FRANKFORT, Ky. (WDRB) – Kentucky and Indiana plan to select the company that will oversee toll collection on new Louisville bridges by late February, with work installing the system starting as early as May, a top transportation finance official said Tuesday.

David Talley, the Kentucky Transportation Cabinet's innovative finance manager, told members of a state board that four finalists are vying for the Ohio River Bridges Project's toll operations contract. He declined to disclose the names of the firms.

But Talley said Kapsch TrafficCom IVHS Inc., which was initially chosen for a $39.9 million contract before it was rescinded last fall, was allowed to bid during a new round of requests for proposals. A joint Kentucky-Indiana bridges board restarted the bidding process in October after an Indiana-led investigation found a potential conflict of interest involving a Kapsch subcontractor.

“There aren't going to be any shenanigans on conflict of interest,” Talley said during Tuesday's meeting of the Kentucky Public Transportation Infrastructure Authority, which oversees the state's downtown portion of the $2.3 billion project.

The Indiana Finance Authority is in charge of selecting the toll operator. Once chosen and given the go-ahead to start work in May, the company will have about one year to install the toll equipment and test the system, Talley said.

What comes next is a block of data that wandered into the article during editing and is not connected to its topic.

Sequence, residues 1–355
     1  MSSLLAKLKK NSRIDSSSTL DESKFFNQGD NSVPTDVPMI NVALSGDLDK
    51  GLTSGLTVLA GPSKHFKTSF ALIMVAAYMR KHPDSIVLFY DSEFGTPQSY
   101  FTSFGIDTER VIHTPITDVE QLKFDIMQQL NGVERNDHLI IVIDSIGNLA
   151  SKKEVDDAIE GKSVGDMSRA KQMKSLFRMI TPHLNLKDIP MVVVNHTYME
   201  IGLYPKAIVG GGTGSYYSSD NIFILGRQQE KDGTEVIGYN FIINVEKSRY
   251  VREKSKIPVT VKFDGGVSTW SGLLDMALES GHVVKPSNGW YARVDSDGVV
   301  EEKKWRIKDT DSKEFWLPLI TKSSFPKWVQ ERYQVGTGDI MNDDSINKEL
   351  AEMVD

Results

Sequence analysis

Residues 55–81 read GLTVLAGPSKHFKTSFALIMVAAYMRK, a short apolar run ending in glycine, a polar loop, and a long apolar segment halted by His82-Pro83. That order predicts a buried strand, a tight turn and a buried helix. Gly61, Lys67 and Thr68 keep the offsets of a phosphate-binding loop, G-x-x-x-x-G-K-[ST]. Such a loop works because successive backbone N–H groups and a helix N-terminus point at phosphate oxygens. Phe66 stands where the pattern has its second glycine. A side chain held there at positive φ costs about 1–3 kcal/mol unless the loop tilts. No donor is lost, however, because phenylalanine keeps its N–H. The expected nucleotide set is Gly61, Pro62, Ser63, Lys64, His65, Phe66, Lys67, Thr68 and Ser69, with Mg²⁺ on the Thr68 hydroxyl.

The Kennedy Bridge, a new span next to it and a new eastern bridge will have equipment that tracks vehicles and assesses tolls based on license plates or in-car transponders. Tolls are set to begin in fall 2016.

Kentucky Transportation Secretary Mike Hancock and other officials from both states couldn't say Tuesday when they expect to adopt a policy that will lock in exact toll rates and include other details, such as rates for frequent drivers.

The states need several more approvals before then, including a report outlining steps to ease the burden of tolls on poor and minority communities. The states have submitted that report to the Federal Highway Administration and are waiting on feedback, Hancock said.

Both states are pursuing membership in the E-ZPass system of electronic toll facilities, allowing local drivers to use the same transponders that work on toll roads elsewhere.

Construction is more than 50 percent complete on both portions of the project, according to an update from Tuesday's meeting.

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